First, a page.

Chris Crews
Chris Crews
18 days ago
Reply to  Jane Roe

If you’re going to call someone a “spineless, lying hypocrite” you should maybe use your real name, Jane.

Jane Roe
Jane Roe
18 days ago
Reply to  Chris Crews

When you can convince me I won’t get doxxed, Antifa won’t “visit,” and the police will be allowed to do their jobs, maybe I, and thousands of others, will. Ugly times. But my point stands. The Governor and AG are hardly the paragons of virtue to judge. Didn’t Ralph’s family own slaves? Shouldn’t he resign? Wouldn’t that be honorable?

Ashley Smith
Ashley Smith
17 days ago
Reply to  Jane Roe

Surely Jane Roe would be the first to proclaim they don’t live in fear. Le sigh. We’re making racists scared again, and Jane doesn’t like that.

Chris Crews
Chris Crews
17 days ago
Reply to  Jane Roe

When you have nothing to hide, Jane, you have nothing to fear. And who, exactly, is this “Antifa”? Are you more worried about that or about secret police snatching people from their cars in acts of (to quote our Acting DHS Secretary) “proactive arresting”?

J. Jackson
J. Jackson
17 days ago

What will happen if Stoney goes ahead and gives the order to remove? Will there be a fine? Jail time? I say go ahead leave it. The people will take it down one chunk at a time. The line has already been crossed.

karl hott
karl hott
17 days ago

This site reports business news in Metro Richmond. Regardless of one’s values, I hope we all can agree that these statures are bad for business. The longer this story is in the local and national headlines, more businesses will conclude “maybe I should reconsider opening an office/outlet in Central Virginia”. More tourists will cross Richmond off their list of places to visit this year or next. Fewer parents will consider sending their kids to VCU or UR. For the sake or economics it is time for a new chapter to be written that doesn’t include Confederate Monuments.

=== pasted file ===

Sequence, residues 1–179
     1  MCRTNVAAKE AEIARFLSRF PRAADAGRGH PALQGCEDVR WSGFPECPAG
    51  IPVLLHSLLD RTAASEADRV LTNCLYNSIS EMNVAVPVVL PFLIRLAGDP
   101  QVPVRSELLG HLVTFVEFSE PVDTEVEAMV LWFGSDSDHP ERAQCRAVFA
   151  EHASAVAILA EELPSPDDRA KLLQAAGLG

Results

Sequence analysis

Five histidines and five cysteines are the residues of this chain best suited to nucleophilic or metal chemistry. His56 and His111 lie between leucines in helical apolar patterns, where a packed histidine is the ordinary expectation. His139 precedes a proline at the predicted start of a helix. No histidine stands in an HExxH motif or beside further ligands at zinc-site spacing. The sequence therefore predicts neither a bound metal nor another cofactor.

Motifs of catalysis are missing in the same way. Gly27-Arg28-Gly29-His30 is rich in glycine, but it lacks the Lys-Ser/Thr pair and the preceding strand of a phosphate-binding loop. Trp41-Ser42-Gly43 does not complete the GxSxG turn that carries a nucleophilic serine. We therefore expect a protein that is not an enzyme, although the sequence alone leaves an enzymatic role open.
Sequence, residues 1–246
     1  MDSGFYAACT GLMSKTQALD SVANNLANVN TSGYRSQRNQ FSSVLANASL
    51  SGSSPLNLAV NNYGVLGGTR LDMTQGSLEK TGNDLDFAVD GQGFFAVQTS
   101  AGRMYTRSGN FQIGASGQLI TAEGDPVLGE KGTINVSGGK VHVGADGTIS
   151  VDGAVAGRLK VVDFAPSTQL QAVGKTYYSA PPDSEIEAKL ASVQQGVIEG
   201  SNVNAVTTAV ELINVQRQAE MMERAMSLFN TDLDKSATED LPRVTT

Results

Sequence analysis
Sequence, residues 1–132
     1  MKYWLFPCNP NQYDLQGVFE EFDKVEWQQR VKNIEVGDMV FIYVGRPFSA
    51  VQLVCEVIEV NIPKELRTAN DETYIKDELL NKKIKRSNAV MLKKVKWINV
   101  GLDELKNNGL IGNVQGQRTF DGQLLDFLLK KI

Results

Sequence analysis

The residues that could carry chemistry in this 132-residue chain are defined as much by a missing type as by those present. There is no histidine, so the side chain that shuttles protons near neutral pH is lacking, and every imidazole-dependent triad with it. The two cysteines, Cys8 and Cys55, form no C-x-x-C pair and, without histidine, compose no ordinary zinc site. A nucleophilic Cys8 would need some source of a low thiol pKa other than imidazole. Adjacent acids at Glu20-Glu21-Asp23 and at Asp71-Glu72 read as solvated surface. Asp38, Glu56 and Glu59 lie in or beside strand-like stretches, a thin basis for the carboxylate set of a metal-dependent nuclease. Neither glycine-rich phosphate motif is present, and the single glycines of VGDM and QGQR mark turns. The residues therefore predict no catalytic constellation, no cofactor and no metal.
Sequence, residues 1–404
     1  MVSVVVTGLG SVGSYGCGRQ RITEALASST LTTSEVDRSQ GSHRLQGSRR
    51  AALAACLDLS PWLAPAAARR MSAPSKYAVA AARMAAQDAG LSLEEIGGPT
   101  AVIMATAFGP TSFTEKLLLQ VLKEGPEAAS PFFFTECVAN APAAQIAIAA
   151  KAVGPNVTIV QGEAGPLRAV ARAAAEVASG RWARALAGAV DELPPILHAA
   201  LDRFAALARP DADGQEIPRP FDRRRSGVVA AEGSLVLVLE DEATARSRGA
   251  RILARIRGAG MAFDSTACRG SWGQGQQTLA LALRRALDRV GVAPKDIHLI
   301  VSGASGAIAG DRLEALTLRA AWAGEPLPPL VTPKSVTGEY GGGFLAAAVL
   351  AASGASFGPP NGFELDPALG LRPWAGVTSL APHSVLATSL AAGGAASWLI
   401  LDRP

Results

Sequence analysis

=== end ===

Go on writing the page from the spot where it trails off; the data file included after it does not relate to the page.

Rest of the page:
Matt Faris
Matt Faris
17 days ago
Reply to  karl hott

Karl, I respectfully feel that many of the folks from outside the city limits will spend less time and money in the city. Not based on the removal of statues, but based on the continued appearance of lack of control. Wasn’t the city doing OK prior to the recent unrest? RVA was a hot spot for food and entertainment. I don’t think the statues hurt that progress at all, but I think the lack of leadership and safety will do far more to restrict the progress of the businesses that existed in the city in the years and months prior… Read more »

Ed Christina
Ed Christina
2 days ago
Reply to  Matt Faris

1-“Unrest” causing business downturns–the protests are not what is hurting business, its the terrible mishandling of the pandemic by the president “jane Roe” loves so much. 2-“Each tribe or band shall have the right to posses, occupy, and use the reserve allotted to it, as long as grass shall grow and water run, and the reserves shall be their own property like their horses and cattle.” Article 5 of the Treaty with the Comanches and Other Tribes and Bands, 12 August 1861[1] See that paragraph above? All the promises made in that got ignored. Why does Gregory think he’s so special? Generations… Read more »

Matt Faris
Matt Faris
1 day ago
Reply to  Ed Christina

Ed, I’m afraid once the restrictions are lifted and folks are free to return to Richmond, many from the other localities will choose to shop elsewhere. The businesses are slow now due to the pandemic, but they are everywhere. We all work from the same rules issued by the governor. Many people I know in surrounding counties have said they are done with Richmond. It’s too bad for the hard working business owners we all want to support. The manner in which the mayor has handled this entire ordeal is the problem for many. Not just the statues (as I… Read more »